On the 52nd anniversary of the first transmission of Blackpool Hospital Broadcasting Service (BHBS) later known as Radio Victoria, we meet one of the founders of the hospital radio, ‘DJ Dave Kenny’ David Gregson, 73.
A British Telecom engineer at the time, Blackpool based David and a couple of friends had heard the hospital radio at Chorley and decided Blackpool needed more than just the broadcasts of football and BBC Radio 2.
He said: “It all started in 1965 when Jean Goodrick, Brian Henderson and I approached Blackpool Victoria Hospital’s League of Friends for the money to build a soundproof studio beneath the hospital’s main corridor.
“It took two years for my late father, Frank, to build the studio and for local company Edwards Electronics to build the broadcasting equipment.”
Everything had to be done on a shoestring – The records that were needed were either owned by the DJs themselves or were donated by anyone kind enough to give them. They looked for headphones in an old army surplus store and everyone pitched in to do what was needed to get it functional.
The first transmission was on August 10, 1967 and “Someone Special” was the first record played. (from Ken’s LP Someone Special)
Because David was also working part time as an electrics stagehand at Blackpool’s Opera House, he got to know a lot of the visiting stars – and one of them was kind enough to “officially” open the radio station on August 12.
Sir Ken Dodd came to open the station and David still has a precious recording of this.
He said “Ken was kind enough to come along at no cost. He had us all in stitches and was such a fitting person to open the service. I worked four seasons with him and he actually became a good friend. It is a popular misconception that Violet Carson, Ena Sharples from Coronation Street opened the station, although she did come and visit the revamped studio in the early days.”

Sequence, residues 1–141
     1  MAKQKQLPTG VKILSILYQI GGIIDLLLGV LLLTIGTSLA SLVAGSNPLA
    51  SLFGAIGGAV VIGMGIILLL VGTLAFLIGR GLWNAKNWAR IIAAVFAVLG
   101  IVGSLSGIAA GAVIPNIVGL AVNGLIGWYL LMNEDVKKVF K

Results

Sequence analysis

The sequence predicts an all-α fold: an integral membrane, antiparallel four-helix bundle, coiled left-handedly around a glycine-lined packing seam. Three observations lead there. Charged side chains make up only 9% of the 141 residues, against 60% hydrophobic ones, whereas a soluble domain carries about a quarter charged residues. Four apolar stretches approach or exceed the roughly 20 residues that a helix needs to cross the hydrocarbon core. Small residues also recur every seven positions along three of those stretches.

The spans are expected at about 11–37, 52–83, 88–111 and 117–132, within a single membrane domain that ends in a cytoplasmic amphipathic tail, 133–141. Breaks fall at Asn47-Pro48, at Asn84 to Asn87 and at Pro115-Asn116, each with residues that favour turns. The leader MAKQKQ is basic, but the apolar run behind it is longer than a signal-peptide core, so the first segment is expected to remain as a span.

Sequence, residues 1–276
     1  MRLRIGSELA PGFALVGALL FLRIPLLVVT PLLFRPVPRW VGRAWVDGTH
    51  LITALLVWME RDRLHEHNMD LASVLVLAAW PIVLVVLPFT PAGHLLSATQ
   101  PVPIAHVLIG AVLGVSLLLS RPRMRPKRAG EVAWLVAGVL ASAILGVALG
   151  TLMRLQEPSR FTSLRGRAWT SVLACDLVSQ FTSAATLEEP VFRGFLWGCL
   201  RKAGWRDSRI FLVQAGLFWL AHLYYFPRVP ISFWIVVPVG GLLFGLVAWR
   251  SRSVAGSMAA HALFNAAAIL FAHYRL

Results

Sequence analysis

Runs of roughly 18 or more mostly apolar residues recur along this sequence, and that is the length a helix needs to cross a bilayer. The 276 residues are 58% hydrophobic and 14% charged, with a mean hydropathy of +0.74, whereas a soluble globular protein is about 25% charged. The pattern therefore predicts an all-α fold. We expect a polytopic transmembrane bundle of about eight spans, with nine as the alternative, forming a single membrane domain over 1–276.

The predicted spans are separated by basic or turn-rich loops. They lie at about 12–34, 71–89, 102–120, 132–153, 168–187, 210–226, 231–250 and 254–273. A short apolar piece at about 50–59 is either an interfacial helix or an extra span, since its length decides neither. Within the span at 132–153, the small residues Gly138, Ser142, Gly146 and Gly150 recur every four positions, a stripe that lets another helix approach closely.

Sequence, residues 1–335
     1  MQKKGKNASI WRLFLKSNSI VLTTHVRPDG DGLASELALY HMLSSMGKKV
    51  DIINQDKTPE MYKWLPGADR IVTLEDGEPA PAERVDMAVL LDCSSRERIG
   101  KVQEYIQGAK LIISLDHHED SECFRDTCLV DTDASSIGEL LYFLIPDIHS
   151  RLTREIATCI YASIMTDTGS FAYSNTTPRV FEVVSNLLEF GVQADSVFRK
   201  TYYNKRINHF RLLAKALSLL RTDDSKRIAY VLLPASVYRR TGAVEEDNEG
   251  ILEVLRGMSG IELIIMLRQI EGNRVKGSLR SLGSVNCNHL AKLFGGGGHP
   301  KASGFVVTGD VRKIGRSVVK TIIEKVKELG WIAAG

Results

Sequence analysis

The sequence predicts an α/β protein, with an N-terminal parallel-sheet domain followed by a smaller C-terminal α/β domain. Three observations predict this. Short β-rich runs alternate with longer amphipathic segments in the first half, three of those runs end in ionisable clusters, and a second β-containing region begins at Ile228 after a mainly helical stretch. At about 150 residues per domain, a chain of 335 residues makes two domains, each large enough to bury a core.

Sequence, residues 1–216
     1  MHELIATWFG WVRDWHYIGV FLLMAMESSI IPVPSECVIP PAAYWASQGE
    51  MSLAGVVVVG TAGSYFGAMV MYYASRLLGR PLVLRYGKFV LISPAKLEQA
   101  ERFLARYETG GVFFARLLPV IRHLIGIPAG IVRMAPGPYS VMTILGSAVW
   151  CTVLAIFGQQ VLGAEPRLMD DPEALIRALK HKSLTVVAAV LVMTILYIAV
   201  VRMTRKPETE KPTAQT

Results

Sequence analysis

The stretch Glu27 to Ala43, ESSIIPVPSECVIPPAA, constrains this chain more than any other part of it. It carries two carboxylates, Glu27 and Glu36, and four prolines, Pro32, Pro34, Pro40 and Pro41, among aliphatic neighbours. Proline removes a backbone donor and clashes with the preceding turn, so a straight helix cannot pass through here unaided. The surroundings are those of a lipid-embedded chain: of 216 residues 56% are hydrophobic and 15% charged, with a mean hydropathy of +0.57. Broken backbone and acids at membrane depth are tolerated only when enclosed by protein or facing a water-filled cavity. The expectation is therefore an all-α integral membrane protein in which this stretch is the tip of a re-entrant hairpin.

Dave was a host of BHBS seven days a week and even did outside broadcasts using a 300 foot mic lead. He also interviewed many of the acts that were performing in Blackpool such as singer, Val Doonican, Millicent Martin, Tessie O’Shea.
He said: “Back in those days, there were no lights in the basement so we had to use battery powered head touches to find our way in and follow waxed string to find our way out again.”
“When you think back, none of that kind of thing would be allowed now, but we loved it. If we hadn’t started the radio all those years ago, we wouldn’t have a lot of the radio personalities we listen to today.”
David hosted his own show at BHBS for around seven years before he moved on to pastures new, eventually becoming a professional organist at Blackpool Pleasure Beach until he retired in the 1990s.
David added: “It’s lovely to remember the personal messages from loved ones that we were able to broadcast to the patients. We didn’t have access to all today’s technology then so we delivered a really important service to so many people.
“It really was a privilege to be part of something at the beginning and at its height, which of course is still available to listen to 52 years later in the form of Bay Trust Radio.
“And I do miss being DJ DK!”
Listen to Dave’s interview on BBC Radio Lancashire on August 9: https://www.bbc.co.uk/sounds/play/p07hxbp5 from 1:51